The skeleton of Tomb 1’s main occupant: a regally adorned middle-aged male. His skull was crushed like a pancake when the tomb collapsed anciently. White residues on his lower torso and pelvis are probable vestiges of bark cloth attire. Remnants of a shell-decorated loin cloth descend from the pubic area. Photographs by Bruce R. Bachand, courtesy of the National Geographic Society.

___________________________________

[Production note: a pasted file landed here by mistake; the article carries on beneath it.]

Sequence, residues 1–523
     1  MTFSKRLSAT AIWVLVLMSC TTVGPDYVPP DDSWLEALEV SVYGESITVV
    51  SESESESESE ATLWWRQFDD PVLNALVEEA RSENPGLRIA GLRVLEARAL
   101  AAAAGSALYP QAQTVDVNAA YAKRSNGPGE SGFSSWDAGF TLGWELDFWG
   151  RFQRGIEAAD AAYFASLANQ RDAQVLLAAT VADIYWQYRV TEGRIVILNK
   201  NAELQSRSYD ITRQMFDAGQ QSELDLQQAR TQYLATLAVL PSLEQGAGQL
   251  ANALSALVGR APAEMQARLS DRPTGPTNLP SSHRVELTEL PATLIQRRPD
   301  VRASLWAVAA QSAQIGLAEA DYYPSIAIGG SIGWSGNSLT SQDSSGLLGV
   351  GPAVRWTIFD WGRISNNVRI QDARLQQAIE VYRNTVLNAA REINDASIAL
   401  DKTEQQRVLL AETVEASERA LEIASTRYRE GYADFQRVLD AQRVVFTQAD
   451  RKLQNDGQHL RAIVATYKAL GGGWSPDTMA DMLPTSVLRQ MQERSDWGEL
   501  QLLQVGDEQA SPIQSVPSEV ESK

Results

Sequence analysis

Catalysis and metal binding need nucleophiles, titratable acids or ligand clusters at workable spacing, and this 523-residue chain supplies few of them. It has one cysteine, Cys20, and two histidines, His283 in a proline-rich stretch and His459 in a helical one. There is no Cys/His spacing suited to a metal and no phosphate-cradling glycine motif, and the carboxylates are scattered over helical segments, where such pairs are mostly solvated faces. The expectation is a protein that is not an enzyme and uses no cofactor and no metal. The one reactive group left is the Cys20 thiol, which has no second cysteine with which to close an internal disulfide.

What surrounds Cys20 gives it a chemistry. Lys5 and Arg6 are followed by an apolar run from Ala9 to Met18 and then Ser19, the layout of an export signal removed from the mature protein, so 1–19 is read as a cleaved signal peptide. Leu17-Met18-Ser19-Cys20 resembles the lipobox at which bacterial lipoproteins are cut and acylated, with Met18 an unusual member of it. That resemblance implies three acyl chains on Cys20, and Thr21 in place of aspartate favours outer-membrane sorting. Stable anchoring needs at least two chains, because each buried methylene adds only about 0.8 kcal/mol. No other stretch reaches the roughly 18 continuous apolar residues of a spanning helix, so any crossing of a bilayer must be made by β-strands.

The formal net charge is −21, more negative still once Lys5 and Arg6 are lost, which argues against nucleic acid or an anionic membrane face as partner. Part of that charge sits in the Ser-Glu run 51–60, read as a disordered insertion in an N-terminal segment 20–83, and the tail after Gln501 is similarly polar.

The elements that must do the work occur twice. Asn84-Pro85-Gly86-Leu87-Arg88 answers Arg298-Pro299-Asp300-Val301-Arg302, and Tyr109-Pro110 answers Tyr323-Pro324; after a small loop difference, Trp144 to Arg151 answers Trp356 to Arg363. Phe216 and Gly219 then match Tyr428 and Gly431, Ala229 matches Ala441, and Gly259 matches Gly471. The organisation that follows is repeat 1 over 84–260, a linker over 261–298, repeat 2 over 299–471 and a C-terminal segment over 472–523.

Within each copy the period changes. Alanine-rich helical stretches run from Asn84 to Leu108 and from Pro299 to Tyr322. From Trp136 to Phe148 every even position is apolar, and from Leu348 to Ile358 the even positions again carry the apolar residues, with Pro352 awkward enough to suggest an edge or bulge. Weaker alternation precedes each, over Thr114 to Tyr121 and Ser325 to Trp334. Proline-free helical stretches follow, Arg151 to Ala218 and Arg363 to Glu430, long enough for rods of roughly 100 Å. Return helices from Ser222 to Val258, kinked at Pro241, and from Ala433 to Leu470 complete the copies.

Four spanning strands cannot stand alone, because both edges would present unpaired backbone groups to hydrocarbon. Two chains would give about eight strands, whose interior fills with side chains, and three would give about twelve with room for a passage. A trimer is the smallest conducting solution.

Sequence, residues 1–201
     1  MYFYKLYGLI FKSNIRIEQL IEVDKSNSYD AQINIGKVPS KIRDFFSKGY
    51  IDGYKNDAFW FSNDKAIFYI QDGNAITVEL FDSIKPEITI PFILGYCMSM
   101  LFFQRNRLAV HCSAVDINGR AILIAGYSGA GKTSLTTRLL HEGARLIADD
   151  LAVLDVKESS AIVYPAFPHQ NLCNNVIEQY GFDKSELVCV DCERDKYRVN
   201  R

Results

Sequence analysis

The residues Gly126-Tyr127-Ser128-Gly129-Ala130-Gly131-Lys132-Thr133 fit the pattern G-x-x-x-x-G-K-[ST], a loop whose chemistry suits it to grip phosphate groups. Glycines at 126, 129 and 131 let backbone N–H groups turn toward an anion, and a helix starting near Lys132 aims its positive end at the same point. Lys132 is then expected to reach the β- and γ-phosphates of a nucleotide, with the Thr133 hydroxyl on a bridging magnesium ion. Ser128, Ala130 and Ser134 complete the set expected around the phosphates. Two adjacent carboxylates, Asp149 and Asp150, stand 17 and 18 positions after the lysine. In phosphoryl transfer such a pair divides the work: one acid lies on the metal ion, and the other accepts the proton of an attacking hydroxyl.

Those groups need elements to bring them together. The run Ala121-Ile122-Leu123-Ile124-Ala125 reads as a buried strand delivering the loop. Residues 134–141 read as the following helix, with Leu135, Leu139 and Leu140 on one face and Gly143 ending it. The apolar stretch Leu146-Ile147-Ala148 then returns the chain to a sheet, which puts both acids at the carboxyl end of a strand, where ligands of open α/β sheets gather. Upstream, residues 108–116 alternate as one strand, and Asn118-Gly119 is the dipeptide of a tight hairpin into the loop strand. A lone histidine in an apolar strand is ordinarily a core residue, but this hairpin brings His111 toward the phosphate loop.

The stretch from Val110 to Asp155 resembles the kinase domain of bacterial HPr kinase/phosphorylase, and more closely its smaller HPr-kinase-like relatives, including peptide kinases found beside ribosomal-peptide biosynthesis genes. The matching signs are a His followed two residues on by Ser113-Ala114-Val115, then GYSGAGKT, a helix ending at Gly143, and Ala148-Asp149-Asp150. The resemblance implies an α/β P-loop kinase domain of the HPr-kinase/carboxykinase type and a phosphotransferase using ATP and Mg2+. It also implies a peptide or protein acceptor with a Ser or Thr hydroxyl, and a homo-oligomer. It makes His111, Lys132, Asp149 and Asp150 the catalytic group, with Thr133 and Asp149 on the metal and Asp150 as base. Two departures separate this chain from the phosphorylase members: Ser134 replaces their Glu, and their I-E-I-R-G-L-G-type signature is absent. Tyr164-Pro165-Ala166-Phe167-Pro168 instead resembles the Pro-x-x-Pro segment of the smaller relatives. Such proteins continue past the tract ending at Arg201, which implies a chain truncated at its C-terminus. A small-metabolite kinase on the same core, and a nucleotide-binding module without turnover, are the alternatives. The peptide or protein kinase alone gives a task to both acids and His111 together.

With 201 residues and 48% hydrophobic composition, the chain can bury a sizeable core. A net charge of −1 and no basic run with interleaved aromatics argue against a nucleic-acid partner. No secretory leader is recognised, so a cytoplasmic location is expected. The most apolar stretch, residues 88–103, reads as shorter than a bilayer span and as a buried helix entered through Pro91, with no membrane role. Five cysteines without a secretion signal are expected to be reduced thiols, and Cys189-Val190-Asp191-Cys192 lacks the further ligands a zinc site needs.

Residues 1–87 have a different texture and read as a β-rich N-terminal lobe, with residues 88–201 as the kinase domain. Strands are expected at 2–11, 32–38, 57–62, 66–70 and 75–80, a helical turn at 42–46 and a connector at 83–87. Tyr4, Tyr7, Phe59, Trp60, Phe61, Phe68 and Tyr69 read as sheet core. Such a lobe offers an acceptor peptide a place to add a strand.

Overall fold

Plan of Tomb 1 illustrating the location of the occupants and offerings. Cinnabar coated the bodies of the two primary figures. One of these, an adult female, was placed on a landing connected to the crypt by a stone paved ledge, a vermillion-painted flag set in the middle. Blue dashed line marks the inferred edge of the crypt Drawing by Lynneth S. Lowe and Roberto Carlos Hoover.

___________________________________

Ceramic vessels from the tomb. Photograph by Bruce R. Bachand, courtesy of the National Geographic Society.

___________________________________